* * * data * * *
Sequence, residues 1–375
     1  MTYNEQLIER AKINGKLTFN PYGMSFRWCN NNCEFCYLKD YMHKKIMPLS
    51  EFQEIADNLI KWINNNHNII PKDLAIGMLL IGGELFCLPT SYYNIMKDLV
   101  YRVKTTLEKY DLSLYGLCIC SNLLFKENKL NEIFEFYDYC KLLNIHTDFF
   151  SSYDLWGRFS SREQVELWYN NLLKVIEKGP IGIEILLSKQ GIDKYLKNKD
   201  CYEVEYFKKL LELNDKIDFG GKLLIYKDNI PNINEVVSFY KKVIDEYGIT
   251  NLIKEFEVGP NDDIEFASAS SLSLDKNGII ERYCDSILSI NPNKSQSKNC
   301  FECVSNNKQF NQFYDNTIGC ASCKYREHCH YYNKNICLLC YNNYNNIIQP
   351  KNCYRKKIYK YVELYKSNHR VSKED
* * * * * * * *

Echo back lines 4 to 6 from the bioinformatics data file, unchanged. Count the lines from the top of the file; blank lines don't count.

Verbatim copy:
   101  YRVKTTLEKY DLSLYGLCIC SNLLFKENKL NEIFEFYDYC KLLNIHTDFF
   151  SSYDLWGRFS SREQVELWYN NLLKVIEKGP IGIEILLSKQ GIDKYLKNKD
   201  CYEVEYFKKL LELNDKIDFG GKLLIYKDNI PNINEVVSFY KKVIDEYGIT